South African farmers have suffered from attacks for many years. Newspapers have said that the majority of the attackers have been young blacks and that the majority of the victims have been white Afrikaner farmers. These statements, however, have been disputed by fact checking organisation Africa Check. While the government has argued that there is no evidence of organised attacks, white farmers believe these attacks are evidence of a campaign to drive them off their land. The disbandment of the Commandoshas been linked to the escalating level of farm attacks. In 2010, the issue garnered greater international attention in light of the murder of the far-right political figure Eugène Terre'Blanche on his farm.
1 Terminology and definition
2 Committee of Inquiry
3 Criticism of response
6 External links
Terminology and definition
South African statutory law does not define a "farm attack" as a specific crime. Rather, the term is used to refer to a number of different crimes committed against persons specifically on commercial farms or smallholdings.
According to the South African Police Service National Operational Co-co-ordinating Committee:
Attacks on farms and smallholdings refer to acts aimed at the person of residents, workers and visitors to farms and smallholdings, whether with the intent to murder, rape, rob or inflict bodily harm. In addition, all actions aimed at disrupting farming activities as a commercial concern, whether for motives related to ideology, labour disputes, land issues, revenge, grievances, anti-White concerns or intimidation, should be included.
This definition excludes "social fabric crimes", that is those crimes committed by members of the farming community on one another, such as domestic or workplace violence, and focuses on outsiders entering the farms to commit specific criminal acts. The safety and security MEC for Mpumalanga, Dina Pule, has disagreed with this definition and has stated that "farm attacks" only included those cases "where farm residents were murdered, and not cases of robberies or attempted murders." Human Rights Watch has criticised the use of the term "farm attacks", which they regard as "suggesting a terrorist or military purpose", which they consider to not be the primary motivation for most farm attacks. According to media reports, as of December 2011, approximately 3,158 – 3,811 White farmers have been murdered in these attacks. However, self-reported data from the Transvaal Agricultural Union state that 1,544 people were killed in farm attacks from 1990 to 2012.
The Mau Mau Uprising, also known as the Mau Mau Revolt, Mau Mau Rebellion or Kenya Emergency, was a military conflict that took place in Kenya between 1952 and 1960. It involved Kikuyu-dominated groups summarily called Mau Mau and elements of the British Army, the local Kenya Regiment mostly consisting of the British, auxiliaries and anti-Mau Mau Kikuyu. The capture of rebel leader Dedan Kimathi on 21 October 1956 signalled the ultimate defeat of Mau Mau, and essentially ended the British military campaign.
Mau Mau failed to capture widespread public support,
Mau Mau militants were guilty of numerous war crimes. The most notorious was their attack on the settlement of Lari, on the night of 25–26 March 1953, in which they herded Kikuyu men, women and children into huts and set fire to them, hacking down with pangasanyone who attempted escape, before throwing them back into the burning huts. The attack at Lari was so extreme that "African policemen who saw the bodies of the victims . . . were physically sick and said 'These people are animals. If I see one now I shall shoot with the greatest eagerness'", and it "even shocked many Mau Mau supporters, some of whom would subsequently try to excuse the attack as 'a mistake'".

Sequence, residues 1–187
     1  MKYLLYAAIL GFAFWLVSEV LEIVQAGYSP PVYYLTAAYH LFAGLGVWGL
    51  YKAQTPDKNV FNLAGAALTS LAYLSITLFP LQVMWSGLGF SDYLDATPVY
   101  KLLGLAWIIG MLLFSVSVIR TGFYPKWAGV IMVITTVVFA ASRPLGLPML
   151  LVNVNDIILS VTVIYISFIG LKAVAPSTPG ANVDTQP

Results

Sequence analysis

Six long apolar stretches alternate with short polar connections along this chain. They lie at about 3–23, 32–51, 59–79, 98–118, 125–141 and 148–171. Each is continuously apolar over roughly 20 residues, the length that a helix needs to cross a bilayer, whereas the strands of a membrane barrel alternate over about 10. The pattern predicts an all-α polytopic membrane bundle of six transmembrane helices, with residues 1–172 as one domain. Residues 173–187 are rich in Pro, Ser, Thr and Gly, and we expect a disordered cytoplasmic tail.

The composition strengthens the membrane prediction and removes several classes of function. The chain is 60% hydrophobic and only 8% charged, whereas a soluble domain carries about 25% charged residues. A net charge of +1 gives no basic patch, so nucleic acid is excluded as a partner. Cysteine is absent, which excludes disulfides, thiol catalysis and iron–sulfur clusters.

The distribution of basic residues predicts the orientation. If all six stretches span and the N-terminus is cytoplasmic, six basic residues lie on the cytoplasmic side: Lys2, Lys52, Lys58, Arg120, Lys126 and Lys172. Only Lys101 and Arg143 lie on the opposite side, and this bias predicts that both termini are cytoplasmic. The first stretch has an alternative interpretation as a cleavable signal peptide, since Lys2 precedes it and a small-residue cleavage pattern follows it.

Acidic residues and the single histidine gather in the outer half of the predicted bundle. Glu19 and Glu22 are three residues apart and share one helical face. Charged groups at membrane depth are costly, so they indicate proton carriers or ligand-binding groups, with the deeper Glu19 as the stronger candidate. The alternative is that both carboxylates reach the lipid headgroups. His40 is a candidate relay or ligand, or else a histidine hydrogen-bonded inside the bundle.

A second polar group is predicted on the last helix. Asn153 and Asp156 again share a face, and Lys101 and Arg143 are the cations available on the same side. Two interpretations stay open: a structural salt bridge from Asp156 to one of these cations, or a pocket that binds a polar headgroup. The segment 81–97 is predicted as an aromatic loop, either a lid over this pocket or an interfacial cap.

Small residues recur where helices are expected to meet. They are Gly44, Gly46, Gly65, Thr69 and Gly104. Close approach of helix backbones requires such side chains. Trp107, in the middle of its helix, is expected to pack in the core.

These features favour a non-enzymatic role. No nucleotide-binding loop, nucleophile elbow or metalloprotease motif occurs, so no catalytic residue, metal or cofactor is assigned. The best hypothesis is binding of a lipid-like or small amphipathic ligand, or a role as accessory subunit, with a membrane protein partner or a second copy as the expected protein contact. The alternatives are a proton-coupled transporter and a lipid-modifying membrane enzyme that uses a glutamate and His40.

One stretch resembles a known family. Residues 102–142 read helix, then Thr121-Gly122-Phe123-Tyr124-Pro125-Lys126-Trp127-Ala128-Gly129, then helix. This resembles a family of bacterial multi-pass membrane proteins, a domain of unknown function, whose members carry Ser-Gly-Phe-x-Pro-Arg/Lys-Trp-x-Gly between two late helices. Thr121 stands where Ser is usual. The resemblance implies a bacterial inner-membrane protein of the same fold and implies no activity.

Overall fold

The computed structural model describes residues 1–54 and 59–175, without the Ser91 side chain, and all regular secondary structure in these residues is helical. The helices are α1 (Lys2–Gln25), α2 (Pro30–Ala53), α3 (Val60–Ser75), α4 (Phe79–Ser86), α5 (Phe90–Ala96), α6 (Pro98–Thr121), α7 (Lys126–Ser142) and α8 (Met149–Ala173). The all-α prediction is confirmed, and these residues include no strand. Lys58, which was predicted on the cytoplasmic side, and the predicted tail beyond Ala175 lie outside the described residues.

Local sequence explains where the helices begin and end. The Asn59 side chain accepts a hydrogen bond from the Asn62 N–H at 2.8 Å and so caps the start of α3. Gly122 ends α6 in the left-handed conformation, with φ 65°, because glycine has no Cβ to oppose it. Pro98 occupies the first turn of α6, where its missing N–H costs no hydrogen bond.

A retaliatory massacre was immediately perpetrated by African security forces who were partially overseen by British commanders. Official estimates place the death toll from the first Lari massacre at 74, and the second at 150, though neither of these figures account for those who 'disappeared'. Whatever the actual number of victims, "[t]he grim truth was that, for every person who died in Lari's first massacre, at least two more were killed in retaliation in the second."
Aside from the Lari massacres, Kikuyu were also tortured, mutilated and murdered by Mau Mau on many other occasions. Mau Mau racked up 1,819 murders of their fellow Africans, though again this number excludes the many additional hundreds who 'disappeared', whose bodies were never found. Thirty-two European and twenty-six Asian civilians were also murdered by Mau Mau militants, with similar numbers wounded. The most well known European victim was Michael Ruck, aged six, who was hacked to death with pangas along with his parents, Roger and Esme, and one of the Rucks' farm workers, Muthura Nagahu, who had tried to help the family. Newspapers in Kenya and abroad published graphic murder details, including images of young Michael with bloodied teddy bears and trains strewn on his bedroom floor.
I think you will be hard pressed to find someone who gives a fuck
To not give a fuck is to give a fuck...
"Well, it seemed like a good idea for a thread."
And then it all too predictably turned into a cyber version of the "knockout game".
A lot of whiny finger pointers feel good about themselves. Doesn't make them right.
Not referring to you specifically. I'm generalizing.